# Exponentiation

Exponentiation (power) is an arithmetic operation on numbers. It is repeated multiplication, just as multiplication is repeated addition. People write exponentiation with upper index. This looks like this: $x^y$. Sometimes it is not possible. Then people write powers using the ^ sign: 2^3 means $2^3$.

The number $x$ is called base, and the number $y$ is called exponent. For example, in $2^3$, 2 is the base and 3 is the exponent.

To calculate $2^3$ a person must multiply the number 2 by itself 3 times. So $2^3=2 \cdot 2 \cdot 2$. The result is $2 \cdot 2 \cdot 2=8$. The equation could be read out loud in this way: 2 raised to the power of 3 equals 8.

Examples:

• $5^3=5\cdot{} 5\cdot{} 5=125$
• $x^2=x\cdot{} x$
• $1^x = 1$ for every number x

If the exponent is equal to 2, then the power is called square because the area of a square is calculated using $a^2$. So

$x^2$ is the square of $x$

If the exponent is equal to 3, then the power is called cube because the volume of a cube is calculated using $a^3$. So

$x^3$ is the cube of $x$

If the exponent is equal to -1 then the person must calculate the inverse of the base. So

$x^{-1}=\frac{1}{x}$

If the exponent is an integer and is less than 0 then the person must invert the number and calculate the power. For example:

$2^{-3}=\left(\frac{1}{2}\right)^3=\frac{1}{8}$

If the exponent is equal to $\frac{1}{2}$ then the result of exponentiation is the square root of the base. So $x^{\frac{1}{2}}=\sqrt{x}.$ Example:

$4^{\frac{1}{2}}=\sqrt{4}=2$

Similarly, if the exponent is $\frac{1}{n}$ the result is the nth root, so:

$a^{\frac{1}{n}}=\sqrt[n]{a}$

If the exponent is a rational number $\frac{p}{q}$, then the result is the qth root of the base raised to the power of p, so:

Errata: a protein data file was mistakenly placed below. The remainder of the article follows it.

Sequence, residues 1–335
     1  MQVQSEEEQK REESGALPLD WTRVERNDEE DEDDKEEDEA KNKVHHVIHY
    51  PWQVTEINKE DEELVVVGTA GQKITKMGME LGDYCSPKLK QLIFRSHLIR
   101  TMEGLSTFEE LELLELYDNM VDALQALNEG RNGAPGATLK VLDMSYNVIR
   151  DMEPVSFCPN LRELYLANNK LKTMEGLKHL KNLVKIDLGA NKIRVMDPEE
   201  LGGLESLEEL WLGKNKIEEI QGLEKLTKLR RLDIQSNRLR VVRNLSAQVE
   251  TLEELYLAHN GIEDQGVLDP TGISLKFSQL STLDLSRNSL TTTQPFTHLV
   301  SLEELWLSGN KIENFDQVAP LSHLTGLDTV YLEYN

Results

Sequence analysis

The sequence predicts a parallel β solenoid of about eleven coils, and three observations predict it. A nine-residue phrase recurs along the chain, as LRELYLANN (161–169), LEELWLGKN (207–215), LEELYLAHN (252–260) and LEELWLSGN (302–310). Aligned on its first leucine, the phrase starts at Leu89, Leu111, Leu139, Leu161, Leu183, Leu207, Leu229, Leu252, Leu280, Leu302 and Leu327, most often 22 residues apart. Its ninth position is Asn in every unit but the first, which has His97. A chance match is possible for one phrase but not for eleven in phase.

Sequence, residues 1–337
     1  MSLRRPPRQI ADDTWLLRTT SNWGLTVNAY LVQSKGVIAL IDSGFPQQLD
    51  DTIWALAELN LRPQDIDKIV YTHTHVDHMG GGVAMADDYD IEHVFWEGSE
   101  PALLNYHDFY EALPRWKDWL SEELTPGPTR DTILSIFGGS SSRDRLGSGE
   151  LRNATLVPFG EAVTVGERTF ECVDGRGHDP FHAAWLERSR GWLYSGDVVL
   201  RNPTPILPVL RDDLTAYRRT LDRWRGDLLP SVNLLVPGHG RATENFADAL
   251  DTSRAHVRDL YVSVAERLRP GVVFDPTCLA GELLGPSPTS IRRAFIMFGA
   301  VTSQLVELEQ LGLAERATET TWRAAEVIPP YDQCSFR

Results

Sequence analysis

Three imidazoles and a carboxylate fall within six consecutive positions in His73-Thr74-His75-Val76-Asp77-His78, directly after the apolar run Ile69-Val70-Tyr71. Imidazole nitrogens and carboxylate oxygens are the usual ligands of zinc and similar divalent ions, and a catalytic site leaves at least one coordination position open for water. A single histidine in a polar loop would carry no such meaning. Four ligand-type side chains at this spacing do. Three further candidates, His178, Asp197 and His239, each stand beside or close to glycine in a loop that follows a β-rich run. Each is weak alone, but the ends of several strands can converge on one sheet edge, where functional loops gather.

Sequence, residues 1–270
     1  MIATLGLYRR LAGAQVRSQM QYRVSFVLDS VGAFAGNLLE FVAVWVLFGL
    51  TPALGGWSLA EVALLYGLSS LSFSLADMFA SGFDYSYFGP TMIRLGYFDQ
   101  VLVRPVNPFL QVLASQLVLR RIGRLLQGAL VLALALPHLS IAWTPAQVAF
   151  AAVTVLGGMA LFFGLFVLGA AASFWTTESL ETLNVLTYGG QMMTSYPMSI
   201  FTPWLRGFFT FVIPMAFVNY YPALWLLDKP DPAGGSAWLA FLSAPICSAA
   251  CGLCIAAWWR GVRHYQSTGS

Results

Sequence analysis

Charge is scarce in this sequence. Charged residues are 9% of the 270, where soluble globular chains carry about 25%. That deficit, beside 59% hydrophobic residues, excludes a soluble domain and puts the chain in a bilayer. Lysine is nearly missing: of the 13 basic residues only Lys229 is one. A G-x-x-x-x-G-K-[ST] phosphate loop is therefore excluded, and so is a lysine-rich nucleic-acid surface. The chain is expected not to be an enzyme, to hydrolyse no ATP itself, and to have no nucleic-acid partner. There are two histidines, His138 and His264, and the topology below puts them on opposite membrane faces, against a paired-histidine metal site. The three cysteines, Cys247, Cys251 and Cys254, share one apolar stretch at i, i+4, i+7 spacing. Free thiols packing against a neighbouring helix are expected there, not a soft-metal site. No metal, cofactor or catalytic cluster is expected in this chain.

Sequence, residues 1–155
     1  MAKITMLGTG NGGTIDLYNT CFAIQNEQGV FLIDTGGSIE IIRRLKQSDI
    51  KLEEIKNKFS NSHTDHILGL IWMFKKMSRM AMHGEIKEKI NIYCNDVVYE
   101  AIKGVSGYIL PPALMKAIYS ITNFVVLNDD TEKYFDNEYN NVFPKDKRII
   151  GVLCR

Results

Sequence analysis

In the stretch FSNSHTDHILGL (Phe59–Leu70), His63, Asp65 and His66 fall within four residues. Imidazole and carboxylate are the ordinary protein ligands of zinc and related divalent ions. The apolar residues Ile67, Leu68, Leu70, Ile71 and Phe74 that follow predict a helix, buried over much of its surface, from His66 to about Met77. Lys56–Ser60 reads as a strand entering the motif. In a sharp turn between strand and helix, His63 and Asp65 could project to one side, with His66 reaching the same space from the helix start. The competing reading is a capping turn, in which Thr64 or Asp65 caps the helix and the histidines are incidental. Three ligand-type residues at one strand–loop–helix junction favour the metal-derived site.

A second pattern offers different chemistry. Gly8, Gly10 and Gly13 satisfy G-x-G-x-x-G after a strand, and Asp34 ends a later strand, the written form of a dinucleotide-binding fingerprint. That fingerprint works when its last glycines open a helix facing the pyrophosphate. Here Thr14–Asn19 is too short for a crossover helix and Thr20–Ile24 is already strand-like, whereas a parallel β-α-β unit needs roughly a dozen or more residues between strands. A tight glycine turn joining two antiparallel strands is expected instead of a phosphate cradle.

$a^{\frac{p}{q}}=\sqrt[q]{a^p}$

The exponent may not even be rational. To raise a base a to an irrational xth power, we use an infinite sequence of rational numbers (xi), whose limit is x:

$x=\lim_{n\to\infty}x_n$

like this:

$a^x=\lim_{n\to\infty}a^{x_n}$

There are some rules which help to calculate powers:

• $\left(a\cdot b\right)^n = a^n\cdot{}b^n$
• $\left(\frac{a}{b}\right)^n = \frac{a^n}{b^n},\quad b\neq 0$
• $a^r \cdot{} a^s = a^{r+s}$
• $\frac{a^r}{a^s} = a^{r-s},\quad a\neq 0$
• $a^{-n} = \frac{1}{a^n},\quad a\neq 0$
• $\left(a^r\right)^s = a^{r\cdot s}$
• $a^0 = 1$

It is possible to calculate exponentiation of matrices. The matrix must be square. For example: $I^2=I \cdot I=I$.

## Commutativity

Both addition and multiplication are commutative. For example, 2+3 is the same as 3+2; and 2 · 3 is the same as 3 · 2. Although exponentiation is repeated multiplication, it is not commutative. For example, 2³=8 but 3²=9.

## Inverse Operations

Addition has one inverse operation: subtraction. Also, multiplication has one inverse operation: division.

But exponentiation has two inverse operations: The root and the logarithm. This is the case because the exponentiation is not commutative. You can see this in this example:

• If you have x+2=3, then you can use subtraction to find out that x=3−2. This is the same if you have 2+x=3: You also get x=3−2. This is because x+2 is the same as 2+x.
• If you have x · 2=3, then you can use division to find out that x=$\frac{3}{2}$. This is the same if you have 2 · x=3: You also get x=$\frac{3}{2}$. This is because x · 2 is the same as 2 · x
• If you have x²=3, then you use the (square) root to find out x: You get the result x = $\sqrt{3}$. However, if you have 2x=3, then you can not use the root to find out x. Rather, you have to use the (binary) logarithm to find out x: You get the result x=log2(3).